I'm pretty sure that when I first walked into Caribbean Hot Pot Restaurant at 7 p.m. on a Monday the owner thought I was a crazy person.
I arrived positively giddy at the thought of eating Jamaican food at Caribbean Hot Pot, the subject of this week's cafe review. I was exceedingly hungry and excited to show my new friends/dinner companions what I do for a living. I had studied the menu before I left, so I had an idea of what I wanted, but I'm no expert on Caribbean cuisine. I marched up the counter and addressed the man behind it (who turned out to be the owner) with maybe a tad too much enthusiasm for a strip center restaurant on a Monday.
"Hi! I have Caribbean ancestry, and I've never had real Caribbean food before, so I don't know what I want, but I definitely want to get to know the cuisine. What should I get? What's good? I know I want jerk chicken and some sort of fish, but which one should I get? What do you recommend?"
He looked at me like I was an alien.
At that moment I kind of felt like one, only I was the type of alien who couldn't get enough of Earth's awesome bounty, not the kind who wanted to blow it up. I'm not sure which is more annoying to be honest.
After he got over his shock at my forwardness, the owner, Cliff Dalling explained to me (slowly) that fish would not be an option. If I wanted fish, I should have called ahead of time. He then waved me over to the other end of the room, where a half dozen metal chafing pans were built into the counter. They were all behind a short wall of glass and covered with lids, but Dalling lifted the lids and stirred the stews to give me an idea of what I was ordering. Or rather, what I was trying to order.
"Here," he said, lifting out a spoonful of curried goat. "This is the goat. Do you want this? And this one," he said, lifting up the next lid. "This is the oxtail. What do you think?"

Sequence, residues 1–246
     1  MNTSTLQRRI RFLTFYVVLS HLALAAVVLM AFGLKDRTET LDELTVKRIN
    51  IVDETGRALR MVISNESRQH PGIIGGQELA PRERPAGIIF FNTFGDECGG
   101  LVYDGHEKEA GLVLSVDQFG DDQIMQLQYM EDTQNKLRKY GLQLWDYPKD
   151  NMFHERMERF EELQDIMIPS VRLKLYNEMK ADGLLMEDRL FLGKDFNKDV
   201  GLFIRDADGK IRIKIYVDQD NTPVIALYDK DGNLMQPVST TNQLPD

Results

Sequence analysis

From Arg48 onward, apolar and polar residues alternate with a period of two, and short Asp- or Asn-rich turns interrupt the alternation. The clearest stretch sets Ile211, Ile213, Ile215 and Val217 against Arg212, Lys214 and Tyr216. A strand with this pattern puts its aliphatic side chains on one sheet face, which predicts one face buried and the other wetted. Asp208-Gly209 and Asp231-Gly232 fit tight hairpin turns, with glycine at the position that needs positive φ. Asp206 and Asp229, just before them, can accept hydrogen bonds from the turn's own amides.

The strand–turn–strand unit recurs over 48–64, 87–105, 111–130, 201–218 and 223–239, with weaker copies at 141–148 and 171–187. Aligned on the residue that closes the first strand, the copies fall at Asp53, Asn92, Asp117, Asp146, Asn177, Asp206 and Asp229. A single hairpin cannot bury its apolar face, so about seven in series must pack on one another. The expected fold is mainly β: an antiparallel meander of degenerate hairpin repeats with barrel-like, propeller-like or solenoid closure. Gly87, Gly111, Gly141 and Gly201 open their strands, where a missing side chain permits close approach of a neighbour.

Clearly, I had not ordered the way in which Dalling and his staff were accustomed, but he walked me through the menu anyway, taking his time to explain everything to me. With Dalling's help, eventually I was able to arrive at an order that seemed indicative of Jamaican cuisine (sans fish).
The next time I visited, I made sure to call ahead for the red snapper in escovitch sauce. I told the woman who took my order that I would be there around 12:30. When I arrived at 12:35, she asked what had taken me so long, as if the fish had been ready for hours. I've concluded that the fish at Caribbean Hot Pot will always be a contentious mystery. It also happens to be delicious though, so I'd advise not asking too many questions or making demands where the seafood is concerned.
Dalling recognized me on my second visit and came over to chat with the random woman who was so enthusiastic about the fish (and everything else) that she had to come back the next day to make sure she got it. I immediately tried to engage him.
"So, do you eat the eye?" I asked, gesturing to the whole fried fish staring up at me. "Is tasty?"
Finally Dalling's stolid exterior cracked a bit, and he let out a chuckle.
"You can eat it if you want," he said smiling, "but I'm not going to!"
And then, shaking his head, he disappeared into the darkened kitchen and through a back door into the alley behind the restaurant where there is no doubt a small pond full of red snapper, swimming in circles, waiting to be caught.
Keep the Houston Press Free... Since we started the Houston Press, it has been defined as the free, independent voice of Houston, and we would like to keep it that way. Offering our readers free access to incisive coverage of local news, food and culture. Producing stories on everything from political scandals to the hottest new bands, with gutsy reporting, stylish writing, and staffers who've won everything from the Society of Professional Journalists' Sigma Delta Chi feature-writing award to the Casey Medal for Meritorious Journalism. But with local journalism's existence under siege and advertising revenue setbacks having a larger impact, it is important now more than ever for us to rally support behind funding our local journalism. You can help by participating in our "I Support" membership program, allowing us to keep covering Houston with no paywalls.